Cryptocurrency Isn’t The Future –  It’s Reality

Cryptocurrency Isn’t The Future –  It’s Reality

What Is An Altcoin – Their History and The Future

What is an Altcoin
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Most crypto-currency investors have followed a similar path. They first heard about Bitcoin, and decided to buy their first satoshis.

They then quickly discovered that there were hundreds of “altcoins” (other “alternative” crypto-currencies to Bitcoin): Ether, Ripple, Litecoin, Zcash..

These altcoins are also based on blockchain technology – but they have other objectives and other functionalities, other validation protocols…

But what are these altcoins really? What do these different alternative crypto-currencies to Bitcoin offer? How can you get information about them – and how can you buy them?

The First Altcoin

Namecoin (CRYPTO:NMC): Was released in April 2011, Namecoin is the first altcoin. It’s much like Bitcoin, based on Bitcoin’s code and also has a maximum supply of 21 million coins. Namecoin is well known for brining .bit web domains ro the internet offering anonymity and a stronghold to censorship.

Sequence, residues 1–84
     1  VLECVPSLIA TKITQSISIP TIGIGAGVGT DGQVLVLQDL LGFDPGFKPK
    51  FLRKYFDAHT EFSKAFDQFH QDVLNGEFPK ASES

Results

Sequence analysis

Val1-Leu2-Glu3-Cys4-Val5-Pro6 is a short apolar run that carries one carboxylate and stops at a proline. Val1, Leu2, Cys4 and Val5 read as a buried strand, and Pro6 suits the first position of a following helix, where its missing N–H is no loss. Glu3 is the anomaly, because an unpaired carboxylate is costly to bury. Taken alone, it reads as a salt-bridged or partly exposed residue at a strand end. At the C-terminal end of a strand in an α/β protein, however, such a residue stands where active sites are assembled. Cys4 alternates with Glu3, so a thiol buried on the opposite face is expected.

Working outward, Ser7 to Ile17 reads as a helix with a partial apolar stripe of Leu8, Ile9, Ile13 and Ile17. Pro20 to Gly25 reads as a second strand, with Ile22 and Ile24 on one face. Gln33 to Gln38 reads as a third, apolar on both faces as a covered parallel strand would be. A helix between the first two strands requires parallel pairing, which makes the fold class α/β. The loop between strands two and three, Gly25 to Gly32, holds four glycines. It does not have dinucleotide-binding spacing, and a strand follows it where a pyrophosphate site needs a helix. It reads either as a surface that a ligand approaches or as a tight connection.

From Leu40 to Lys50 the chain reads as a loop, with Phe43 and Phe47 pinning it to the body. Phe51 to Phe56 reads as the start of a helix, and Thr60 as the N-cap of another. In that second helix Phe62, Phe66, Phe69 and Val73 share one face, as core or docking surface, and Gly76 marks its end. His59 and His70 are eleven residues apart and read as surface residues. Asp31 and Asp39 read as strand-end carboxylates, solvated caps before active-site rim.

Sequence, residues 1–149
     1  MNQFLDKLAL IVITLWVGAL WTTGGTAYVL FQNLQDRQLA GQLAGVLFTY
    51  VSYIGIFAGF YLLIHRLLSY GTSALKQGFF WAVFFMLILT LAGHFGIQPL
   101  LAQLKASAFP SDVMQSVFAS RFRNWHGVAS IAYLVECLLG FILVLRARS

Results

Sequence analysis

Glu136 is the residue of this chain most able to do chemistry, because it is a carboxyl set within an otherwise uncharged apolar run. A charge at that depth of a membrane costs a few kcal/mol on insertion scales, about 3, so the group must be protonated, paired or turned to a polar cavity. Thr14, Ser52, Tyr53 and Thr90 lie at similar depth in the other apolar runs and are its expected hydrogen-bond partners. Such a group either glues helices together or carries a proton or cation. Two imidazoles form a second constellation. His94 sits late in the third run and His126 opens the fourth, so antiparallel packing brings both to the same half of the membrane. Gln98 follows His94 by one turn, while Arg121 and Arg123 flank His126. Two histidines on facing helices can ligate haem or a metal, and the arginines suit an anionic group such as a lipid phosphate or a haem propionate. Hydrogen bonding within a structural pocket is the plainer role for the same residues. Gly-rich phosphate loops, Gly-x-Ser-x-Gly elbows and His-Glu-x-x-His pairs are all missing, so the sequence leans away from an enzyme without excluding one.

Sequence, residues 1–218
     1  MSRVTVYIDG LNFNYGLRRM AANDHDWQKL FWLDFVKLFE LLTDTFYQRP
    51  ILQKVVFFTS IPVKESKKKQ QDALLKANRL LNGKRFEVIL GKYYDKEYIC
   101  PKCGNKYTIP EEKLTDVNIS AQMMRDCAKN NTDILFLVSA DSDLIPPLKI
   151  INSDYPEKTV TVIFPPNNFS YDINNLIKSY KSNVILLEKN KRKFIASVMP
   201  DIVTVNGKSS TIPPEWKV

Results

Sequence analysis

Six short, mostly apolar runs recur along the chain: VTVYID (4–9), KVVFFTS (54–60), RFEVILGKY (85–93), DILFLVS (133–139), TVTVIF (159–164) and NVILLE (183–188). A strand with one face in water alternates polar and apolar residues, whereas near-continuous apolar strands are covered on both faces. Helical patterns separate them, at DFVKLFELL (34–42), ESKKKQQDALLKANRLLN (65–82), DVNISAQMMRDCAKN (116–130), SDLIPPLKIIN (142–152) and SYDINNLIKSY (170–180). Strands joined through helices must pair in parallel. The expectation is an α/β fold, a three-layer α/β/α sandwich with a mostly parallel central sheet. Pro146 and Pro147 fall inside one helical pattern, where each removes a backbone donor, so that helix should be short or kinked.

What are altcoins... and what are they for?

Altcoin means an abbreviation of “Bitcoin alternative”. This includes all crypto-currencies – except for Bitcoin. They are alternatives to Bitcoin in that they are also digital assets, based on blockchain technology.

There are now at least 1469 altcoins and more as time goes by.

As you can imagine, most of them are not very interesting. MacronCoin, LePenCoin, FAILCoin, FraudCoin.. Hundreds of digital currencies have no new features whatsoever, and were only designed to attract enough investors to generate revenue for their developers. Some of these currencies collapse overnight. This was the case a few weeks ago with the digital asset Confido (“I trust” in Italian), whose leader took off with the money raise raised in an ICO (crypto-currency fundraising), causing the asset’s price to plummet.

There are also anonymous crypto-currencies. Some of them, such as Monero, are based on a non-transparent blockchain, and thus allow transactions to be carried out confidentially – a confidentiality not offered by Bitcoin, which is a pseudonymous network.

Finally, others such as Nano allow payments to be made almost instantaneously, without any transaction fees.

Altcoins vs Bitcoin: The match

For the “Bitcoin maximalists” there is only one currency worth having: Bitcoin.